Deep percolation in arid piedmont watersheds and its sensitivity to ecosystem change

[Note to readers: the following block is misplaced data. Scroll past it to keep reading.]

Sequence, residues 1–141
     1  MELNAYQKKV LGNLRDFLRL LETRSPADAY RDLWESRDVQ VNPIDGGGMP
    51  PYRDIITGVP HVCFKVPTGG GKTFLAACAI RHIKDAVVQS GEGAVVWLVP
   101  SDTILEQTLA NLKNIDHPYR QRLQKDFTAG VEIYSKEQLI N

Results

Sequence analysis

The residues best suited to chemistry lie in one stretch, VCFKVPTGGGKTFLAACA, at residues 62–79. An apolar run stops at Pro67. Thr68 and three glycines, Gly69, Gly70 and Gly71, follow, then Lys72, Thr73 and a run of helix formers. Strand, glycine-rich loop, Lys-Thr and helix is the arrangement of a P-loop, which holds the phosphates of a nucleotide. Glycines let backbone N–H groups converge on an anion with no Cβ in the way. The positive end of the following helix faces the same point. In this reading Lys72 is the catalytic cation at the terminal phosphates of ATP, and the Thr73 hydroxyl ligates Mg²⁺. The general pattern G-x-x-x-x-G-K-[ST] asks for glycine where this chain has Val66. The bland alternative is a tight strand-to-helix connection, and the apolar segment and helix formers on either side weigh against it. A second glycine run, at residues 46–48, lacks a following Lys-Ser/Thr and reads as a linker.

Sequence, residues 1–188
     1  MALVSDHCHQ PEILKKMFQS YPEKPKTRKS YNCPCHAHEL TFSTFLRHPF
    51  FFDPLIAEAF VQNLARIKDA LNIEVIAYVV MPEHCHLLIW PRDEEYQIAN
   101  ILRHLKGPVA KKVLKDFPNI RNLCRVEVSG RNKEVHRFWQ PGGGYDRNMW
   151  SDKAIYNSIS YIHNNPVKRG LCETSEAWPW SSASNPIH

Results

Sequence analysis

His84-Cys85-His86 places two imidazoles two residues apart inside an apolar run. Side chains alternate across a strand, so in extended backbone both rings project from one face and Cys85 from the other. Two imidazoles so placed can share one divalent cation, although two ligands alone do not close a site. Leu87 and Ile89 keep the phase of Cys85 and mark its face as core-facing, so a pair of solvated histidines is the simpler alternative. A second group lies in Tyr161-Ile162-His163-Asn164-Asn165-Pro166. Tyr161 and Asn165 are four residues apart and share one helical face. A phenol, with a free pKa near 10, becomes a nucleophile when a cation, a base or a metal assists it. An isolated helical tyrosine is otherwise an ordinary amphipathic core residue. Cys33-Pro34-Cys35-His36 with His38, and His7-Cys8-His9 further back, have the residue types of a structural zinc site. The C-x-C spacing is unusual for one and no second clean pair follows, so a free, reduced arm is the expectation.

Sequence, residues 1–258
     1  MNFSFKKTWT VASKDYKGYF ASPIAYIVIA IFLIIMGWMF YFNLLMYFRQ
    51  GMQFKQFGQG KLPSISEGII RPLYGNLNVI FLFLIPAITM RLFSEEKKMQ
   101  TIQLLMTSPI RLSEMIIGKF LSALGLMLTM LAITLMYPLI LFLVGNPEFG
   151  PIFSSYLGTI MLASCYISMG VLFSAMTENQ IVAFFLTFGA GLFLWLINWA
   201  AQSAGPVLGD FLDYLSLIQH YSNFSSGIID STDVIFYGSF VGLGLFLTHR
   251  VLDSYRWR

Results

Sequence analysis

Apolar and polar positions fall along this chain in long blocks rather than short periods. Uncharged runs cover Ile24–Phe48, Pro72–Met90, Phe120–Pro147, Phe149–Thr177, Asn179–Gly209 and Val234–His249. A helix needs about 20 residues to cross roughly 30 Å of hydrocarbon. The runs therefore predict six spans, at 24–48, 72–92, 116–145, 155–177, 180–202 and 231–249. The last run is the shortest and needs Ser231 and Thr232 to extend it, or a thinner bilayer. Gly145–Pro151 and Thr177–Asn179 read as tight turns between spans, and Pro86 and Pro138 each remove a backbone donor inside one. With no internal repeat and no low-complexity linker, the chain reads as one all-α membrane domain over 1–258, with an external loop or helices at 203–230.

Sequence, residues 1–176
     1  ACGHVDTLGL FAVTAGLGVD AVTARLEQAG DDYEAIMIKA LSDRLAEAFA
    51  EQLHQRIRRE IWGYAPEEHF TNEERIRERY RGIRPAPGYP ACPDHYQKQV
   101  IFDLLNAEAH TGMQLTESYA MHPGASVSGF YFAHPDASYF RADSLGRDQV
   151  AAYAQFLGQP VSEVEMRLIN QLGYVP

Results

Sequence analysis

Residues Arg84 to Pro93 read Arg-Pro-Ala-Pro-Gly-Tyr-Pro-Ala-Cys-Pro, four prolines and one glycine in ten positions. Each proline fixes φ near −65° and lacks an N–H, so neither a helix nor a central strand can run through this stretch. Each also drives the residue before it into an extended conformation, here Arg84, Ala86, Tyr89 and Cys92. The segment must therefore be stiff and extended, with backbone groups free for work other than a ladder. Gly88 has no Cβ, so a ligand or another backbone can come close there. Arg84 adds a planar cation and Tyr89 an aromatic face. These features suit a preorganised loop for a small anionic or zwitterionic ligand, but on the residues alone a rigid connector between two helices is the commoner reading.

Population growth within drylands is occurring faster than growth in any other ecologic zone, putting pressure on already stressed water resources. Because the availability of surface water supplies in drylands tends to be highly variable, many of these populations rely on groundwater. A critical process contributing to groundwater recharge is the interaction between ephemeral channels and groundwater aquifers. Generally, it has been found that ephemeral channels contribute to groundwater recharge when streamflow infiltrates into the sandy bottoms of channels. This process has traditionally been studied in channels that drain large areas (10s to 100s km2). In this dissertation, I study the interactions between surface water and groundwater via ephemeral channels in a first-order watershed located on an arid piedmont slope within the Jornada Experimental Range (JER) in the Chihuahuan Desert. To achieve this, I utilize a combination of high-resolution observations and computer simulations using a modified hydrologic model to quantify groundwater recharge and shed light on the geomorphic and ecologic processes that affect the rate of recharge. Observational results indicate that runoff generated within the piedmont slope contributes significantly to deep percolation. During the short-term (6 yr) study period, we estimated 385 mm of total percolation, 62 mm/year, or a ratio of percolation to rainfall of 0.25. Based on the instrument network, we identified that percolation occurs inside channel areas when these receive overland sheetflow from hillslopes. By utilizing a modified version of the hydrologic model, TIN-based Real-time Integrated Basin Simulator (tRIBS), that was calibrated and validated using the observational dataset, I quantified the effects of changing watershed properties on groundwater recharge. Distributed model simulations quantify how deep percolation is produced during the streamflow generation process, and indicate that it plays a significant role in moderating the production of streamflow. Sensitivity analyses reveal that hillslope properties control the amount of rainfall necessary to initiate percolation while channel properties control the partitioning of hillslope runoff into streamflow and deep percolation. Synthetic vegetation experiments show that woody plant encroachment leads to increases in both deep percolation and streamflow. Further woody plant encroachment may result in the unexpected enhancement of dryland aquifer sustainability.